BBC2 had a cheek calling 'Broken News' "groundbreaking comedy" when their own channel had set the benchmark for spoof news programmes many years ago with 'The Day Today'.
Broken News was beautifully made and brilliantly performed. The fictional news channels were almost indistinguishable from the real thing. It just wasn't very funny.
You wouldn't be able to explain why it didn't quite work unless you had seen The Day Today. I think the root of the problem is that accurate impersonation on its own is not enough. The Day Today took the style of news progammes and then stretched both the techniques and the content to the point of absurdity.
In a similar way, impressionists like Rory Bremner don't just rely on the accuracy of their impersonations. Tony Blair's "I say to you" becomes "I say unto you"; Ian Duncan Smith became Caspar the Friendly Ghost; Michael Howard ended up biting Kirsty Wark's neck.
The Day Today's opening titles took the cliché of a spinning globe and in a brilliant reductio ad absurdam had it mutating into every conceivable object. I could watch that opening title sequence all day.
At the closing credits the studio lights dimmed and the camera pulled right back. In the gloom the observant viewer could see Chris Morris's Paxmanesque anchor man on one occasion sticking a syringe in his arm and on another pulling off a wig to reveal cascades of shoulder length hair.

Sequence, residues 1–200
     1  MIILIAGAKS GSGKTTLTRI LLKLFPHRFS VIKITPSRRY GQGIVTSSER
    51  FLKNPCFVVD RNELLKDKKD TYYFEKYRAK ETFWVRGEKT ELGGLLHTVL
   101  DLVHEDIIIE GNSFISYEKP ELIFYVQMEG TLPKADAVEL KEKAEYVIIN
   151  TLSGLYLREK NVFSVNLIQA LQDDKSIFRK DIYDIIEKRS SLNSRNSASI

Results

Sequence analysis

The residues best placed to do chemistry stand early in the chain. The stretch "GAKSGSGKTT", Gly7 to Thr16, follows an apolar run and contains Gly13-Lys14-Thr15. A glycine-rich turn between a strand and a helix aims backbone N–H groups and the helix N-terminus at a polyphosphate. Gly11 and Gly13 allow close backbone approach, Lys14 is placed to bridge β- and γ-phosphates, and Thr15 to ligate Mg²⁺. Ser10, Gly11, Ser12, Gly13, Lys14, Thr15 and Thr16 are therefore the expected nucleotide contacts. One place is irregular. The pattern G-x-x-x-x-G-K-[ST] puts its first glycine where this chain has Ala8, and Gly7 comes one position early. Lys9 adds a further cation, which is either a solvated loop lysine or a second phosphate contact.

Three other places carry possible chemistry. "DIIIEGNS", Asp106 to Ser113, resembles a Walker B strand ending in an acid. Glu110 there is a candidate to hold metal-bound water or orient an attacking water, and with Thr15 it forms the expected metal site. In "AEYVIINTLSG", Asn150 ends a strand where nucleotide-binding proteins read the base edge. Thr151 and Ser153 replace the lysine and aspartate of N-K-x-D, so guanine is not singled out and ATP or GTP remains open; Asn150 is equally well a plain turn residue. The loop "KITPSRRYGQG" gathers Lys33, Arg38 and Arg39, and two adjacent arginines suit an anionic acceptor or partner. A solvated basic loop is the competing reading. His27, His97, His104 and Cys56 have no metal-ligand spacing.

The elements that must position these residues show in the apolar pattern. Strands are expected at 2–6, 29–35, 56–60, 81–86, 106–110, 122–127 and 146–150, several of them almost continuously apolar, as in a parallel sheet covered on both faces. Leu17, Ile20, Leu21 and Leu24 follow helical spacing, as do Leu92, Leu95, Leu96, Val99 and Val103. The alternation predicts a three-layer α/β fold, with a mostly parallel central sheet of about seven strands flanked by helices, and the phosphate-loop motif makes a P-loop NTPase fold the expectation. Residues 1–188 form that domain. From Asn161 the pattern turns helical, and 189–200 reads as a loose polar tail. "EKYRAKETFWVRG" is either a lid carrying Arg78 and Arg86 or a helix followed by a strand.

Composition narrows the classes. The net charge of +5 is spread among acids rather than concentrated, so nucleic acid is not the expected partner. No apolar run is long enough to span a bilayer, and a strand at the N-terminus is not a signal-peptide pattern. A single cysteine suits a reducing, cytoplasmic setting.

All that Broken News did was to draw attention to the current clichés of television news - like the 'Standing News' where presenters walk around in front of video walls - but a lot of us already laugh at the real thing. A comedy spoof needs a lot more comic business to be effective.
That said, I give the performers full marks for so perfectly capturing the idiosyncratic diction of news presenters which bears no relation to normal speech.
And their regional news programme, 'Look Out East', was a delight. I've never understood why regional news programmes have to do that ersatz, cosy chumminess, both with the viewer and in the banter between the presenters, when national news programmes don't. The only trick they missed was that regional news programmes never identify the location of the story until the last possible moment. So the headlines go:
"Coming Up: binge-drinking crackdown in East town.......the East postman who's biting back at dog owners......and the East pensioner bidding to become a skateboarding champion."
This is because if you look at the areas covered by the regional news programmes, many of them bear no relation to any other regional area and a spurious identity has to be created. This may be because the television region is dictated by the reach of transmitters. But this may soon become an historical curiosity because the BBC is to experiment with local broadband news that is focused on specific towns or even villages.
I was inclined to blame myself for not enjoying Broken News more. But then I found the Observer's preview had said "When it comes to news spoofs on British television, no one has ever come close to the antics of Chris Morris and his team on The Day Today. It may be a harsh comparison but newcomer Broken News just doesn't compare. In fact, it's not even a close third to Drop The Dead Donkey in second place."
Happily, The Day Today is now available on DVD. I really must get a copy before my VHS tape of the programme wears out from over-use.